Make Mine Music Movie
The first of Walt Disney's so-called "package films," MAKE MINE MUSIC is an uneven, but generally well done and entertaining, potpourri of 10 cartoons set to disparate musical styles, ranging from jazz to classical, and performed by such artists as Benny G… (more)
The first of Walt Disney's so-called "package films," MAKE MINE MUSIC is an uneven, but generally well done and entertaining, potpourri of 10 cartoons set to disparate musical styles, ranging from jazz to classical, and performed by such artists as Benny Goodman, The Andrews Sisters, Dinah
Shore, and Nelson Eddy.
The first short is "The Martins and the Coys" (subtitled "A Rustic Ballad"), about a feud between two hillbilly families. Next up is "Blue Bayou" ("A Tone Poem"), sung by The Ken Darby Chorus and set to animation of egrets flying over a moonlit bayou. Benny Goodman provides the music for "All the
Cats Join In" ("A Jazz Interlude"), featuring pencil sketches of teenage bobby-soxers jitterbugging at a malt shop. "Without You" ("A Ballad in Blue"), sung by Andy Russell, is an abstract piece with rain pouring down a windowpane which is reflecting changing colors. Jerry Colonna narrates the
story of "Casey at the Bat" ("A Musical Recitation"), the famous poem about the mighty baseball player who strikes out. Dinah Shore sings "Two Silhouettes" ("Ballade Ballet") in which Tatiana Riabouchinska and David Lichine of the Ballet Russe perform. Sterling Holloway narrates the tale of "Peter
and the Wolf" ("A Fairy Tale with Music"), accompanied by the classic Prokofiev score. "After You've Gone" is a visualization of the Benny Goodman number, with various musical instruments engaged in a dueling jam session. The Andrews Sisters sing the story of "Johnny Fedora and Alice Blue Bonnet"
("A Love Story"), about two hats in a store window who fall in love and try to reunite after being bought and separated. The closing segment is "The Whale Who Wanted to Sing at the Met" ("Opera Pathetique"), with Nelson Eddy providing all of the voices for this story of a giant whale with an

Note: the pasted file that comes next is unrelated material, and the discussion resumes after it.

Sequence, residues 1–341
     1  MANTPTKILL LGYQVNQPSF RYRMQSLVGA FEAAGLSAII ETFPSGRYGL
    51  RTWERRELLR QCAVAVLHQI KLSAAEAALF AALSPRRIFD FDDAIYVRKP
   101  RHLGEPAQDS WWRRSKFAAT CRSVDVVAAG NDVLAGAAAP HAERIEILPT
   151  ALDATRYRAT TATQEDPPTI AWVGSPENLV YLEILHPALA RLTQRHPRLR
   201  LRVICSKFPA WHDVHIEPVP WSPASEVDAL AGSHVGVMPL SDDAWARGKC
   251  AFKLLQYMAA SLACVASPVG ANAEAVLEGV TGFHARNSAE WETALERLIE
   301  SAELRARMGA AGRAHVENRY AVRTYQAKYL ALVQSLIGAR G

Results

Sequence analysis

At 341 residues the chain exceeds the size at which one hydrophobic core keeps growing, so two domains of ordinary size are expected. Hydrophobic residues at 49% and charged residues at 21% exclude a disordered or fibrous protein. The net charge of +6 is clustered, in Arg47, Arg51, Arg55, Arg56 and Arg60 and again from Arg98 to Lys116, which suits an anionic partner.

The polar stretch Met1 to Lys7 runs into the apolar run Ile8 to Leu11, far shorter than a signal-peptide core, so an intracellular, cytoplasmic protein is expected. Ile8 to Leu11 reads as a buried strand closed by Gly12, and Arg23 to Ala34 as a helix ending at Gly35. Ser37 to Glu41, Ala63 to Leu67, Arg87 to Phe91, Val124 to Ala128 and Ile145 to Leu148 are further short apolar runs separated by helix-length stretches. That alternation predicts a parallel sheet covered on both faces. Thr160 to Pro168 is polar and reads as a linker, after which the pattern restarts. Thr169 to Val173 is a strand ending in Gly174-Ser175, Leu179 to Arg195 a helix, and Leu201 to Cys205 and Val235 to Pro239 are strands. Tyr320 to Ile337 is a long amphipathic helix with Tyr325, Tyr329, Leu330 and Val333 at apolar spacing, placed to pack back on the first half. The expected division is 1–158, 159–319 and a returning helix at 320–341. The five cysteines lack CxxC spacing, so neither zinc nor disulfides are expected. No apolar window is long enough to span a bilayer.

incredible singing voice who aspires to perform at the opera.
MAKE MINE MUSIC is subtitled "A Musical Fantasy in Ten Parts," which is a pretty good description of the film--a sort of pop version of Disney's FANTASIA (1940)--in that it utilizes animation in every way imaginable, in an attempt to illustrate music. The 10 segments vary wildly in quality, from
the sublime to the ridiculous, but the overall result is quite enjoyable, and even at its worst, it's miles ahead of contemporary animation. One of the most interesting aspects of the film is how the styles of animation change in the individual segments, depending on the musical accompaniment and
the tone of the story, demonstrating the range and versatility of the Disney artists. "The Martins and the Coys," "Casey at the Bat," and "Johnny Fedora and Alice Blue Bonnet" have a caricatured, exaggeratedly comical Tex Avery-like style; while "Without You," "Blue Bayou," and "Two Silhouettes"
are intentionally, if not always successfully, arty, in a manner that's quite similar to FANTASIA.
The film's highlights are undoubtedly the two Benny Goodman pieces, "All the Cats Join In" and "After You've Gone." The former is a snappy, compulsively rhythmic number done in an innovative pencil-sketch style; while the latter is a stunning example of freeform surrealism, as trumpets, clarinets,
pianos, and other instruments dance, and fingers on a keyboard turn into legs, and the piano keys soar through the sky. The finale is also quite amusing, with Nelson Eddy doing an excellent job as the voice of Willie the Whale, simultaneously singing tenor, baritone, and bass, in excerpts from
"Shortnin' Bread," "The Barber of Seville," "Tristan und Isolde," and others. It's a tour de force performance, backed by some delightful animation--Willie wearing a giant clown's nose as Pagliacci, or breathing fire in "The Devil's Song" from "Mephistopholes." Although MAKE MINE MUSIC has never
been re-released in its original form, its individual sequences were shown frequently as short subjects on Disney's various TV shows, with the Willie the Whale number proving to be so popular with children that it was issued separately on a Disney homevideo cartoon collection.